As we move closer to moving into our house I feel simultaneously overwhelmed, excited, anxious and impatient. The list of things we need to finish before we can move in grows shorter every day, yet some of those tasks that are looming ahead of us seem enormous. Take the eaves, for example. That's the little gap between the top of the wall and the bottom of the roof. I never thought about that little gap, never considered how we'd close it up, what we'd use, how it would be done. But now that Brett and I have started lining the ceiling, I'm noticing that it is quite a gap, and something will need to be done about it. But that task we will come to when the ceiling is lined. Hey - it might even get done after we move in. For now we have more pressing - and BIG - issues, namely the floor and the ceiling.
Day 3 after we made our floor, some cracks started to appear. This was not at all what we'd hoped, but it seems that even not-very-wet clay shrinks quite a bit when it dries. The cracks are everywhere. They're quite deep (around 2 inches) and about 1cm wide at the widest part. Not insubstantial, and definitely something that will need to be rectified. Some earth-floor literature suggests using a different-coloured clay slurry in cracks, giving the floor a kind of flagstone look. We're not massive fans of this look, and were really hoping to avoid it. But the thing we realised is that we, in this home-building exercise, have chosen to employ a little lady who has some of her own ideas. That little lady is Mother Earth. Unlike something like concrete, which is man-made and therefore predictable, ye olde clay is Mother-Earth made and therefore profoundly unpredictable. Take our workshop week. April was carefully chosen on account of it being (statistically speaking) one of the driest months in the Bega Valley. But do you think Mother Nature gives a rats arse about statistics? No way Jose. And to prove it, she flogged down on our uncovered bales, just to keep us on our toes. Did we learn? No way Jose! We thought we knew what to expect with this freshly-dug-from-the-earth clay we made our floor from, but we were wrong. Good thing we have a sense of humour.
Just to be a little different and try out something new for a change, we have decided to fill our cracks with wax. Reasons? I believe it will be easier to fill them up most thoroughly with something liquid, it dries pretty hard and fast, and it might look a little less like flag-stones than if we use clay. But that is a task we will complete after the ceiling is finished.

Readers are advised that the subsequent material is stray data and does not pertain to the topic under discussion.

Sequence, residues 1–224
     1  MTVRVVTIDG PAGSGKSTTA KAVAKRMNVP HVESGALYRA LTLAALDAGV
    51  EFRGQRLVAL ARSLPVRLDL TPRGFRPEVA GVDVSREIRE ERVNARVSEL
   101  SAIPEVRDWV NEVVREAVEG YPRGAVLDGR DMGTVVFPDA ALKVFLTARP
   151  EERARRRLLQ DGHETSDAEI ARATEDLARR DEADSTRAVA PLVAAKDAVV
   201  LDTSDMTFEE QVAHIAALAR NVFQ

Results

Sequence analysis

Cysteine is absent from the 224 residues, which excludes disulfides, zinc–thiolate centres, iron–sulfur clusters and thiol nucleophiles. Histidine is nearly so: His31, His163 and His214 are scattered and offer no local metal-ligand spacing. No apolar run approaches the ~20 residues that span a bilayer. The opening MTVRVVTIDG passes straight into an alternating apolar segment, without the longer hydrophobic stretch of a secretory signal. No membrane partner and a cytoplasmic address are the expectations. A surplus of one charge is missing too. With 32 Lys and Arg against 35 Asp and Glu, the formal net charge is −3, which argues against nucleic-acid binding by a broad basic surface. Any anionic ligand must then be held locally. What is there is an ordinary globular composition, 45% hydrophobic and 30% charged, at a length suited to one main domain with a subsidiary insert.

Yesterday Brett and I started insulating and cladding the inside of our lofty roof-space. Let's just say it was not the funnest job in the world, and leave it at that (though Brett did say he felt like we were "playing cubbies"up in the loft with a view of the tree-tops, eating chocolate in what looked for all intents and purposes to be some kind of elaborate dress-ups).
|Space person in the cubby/space ship nailing up the super-shiny mini-orb
Choosing insulation was a major, confusing, exhausting and ultimately inconclusive pain in the arse. So much information, so many salespeople, so much well-intentioned advice. While insulation should always be a big issue, not to be taken lightly, in a strawbale house it's even more so. The walls, you see, are rated to be something like R20. Your average housing batts are something like R3, if you're lucky. I read once that if you build a strawbale house and don't insulate the roof properly, it's basically like building a really expensive chimney.
The problem for us with our little strawbs is that the roof space, where we're s'posed to cram tons of excellent insulation, is where we're going to be sleeping. In total, we had about 12cm to fill with insulation. We needed bang for our buck, and bang for the minimal space. What we settled on is a special kind of compressed bulk insulation that is 85% recycled glass, which is spun into fibres and bonded with a glue that is, well, not exactly natural. It's normally used in industrial applications, and we had to order it direct from the manufacturer as it isn't available through any retailers. It wasn't cheap ($2000 for the whole roof), but this was one area we weren't prepared to skimp on. We wanted high performance and high recycled content, while still keeping within the constraints dictated by our tiny roof space. These batts are 5cm thick, so we doubled them, bringing the total to 10cm and, combined with the anticon blanket that is attached under our corrugated iron, we have an R rating of 3.9. Pretty good given the circumstances. In other situations, with other rooflines, Frank uses whole strawbales as roof insulation, creating what he calls an 'esky'. I love this, in theory, and was keen to give it a go, but the roof needs to specially engineered for an application like this, and when we priced trusses for this roof they came in around 3 times the amount we paid, and we wouldn't have had a loft space.
We're lining the ceiling with some mini-orb (mini profile corrugated iron) that I got at Eden tip for about $15 (the savings offset the price of the insulation). Score! But boy oh boy does it need to be painted. That stuff is shiny: at the moment it feels a little less like a cozy lofty treehouse and a little more like a crazy space-pod. Especially in my fibreglass-proof safety suit, goggles, and breathing apparatus.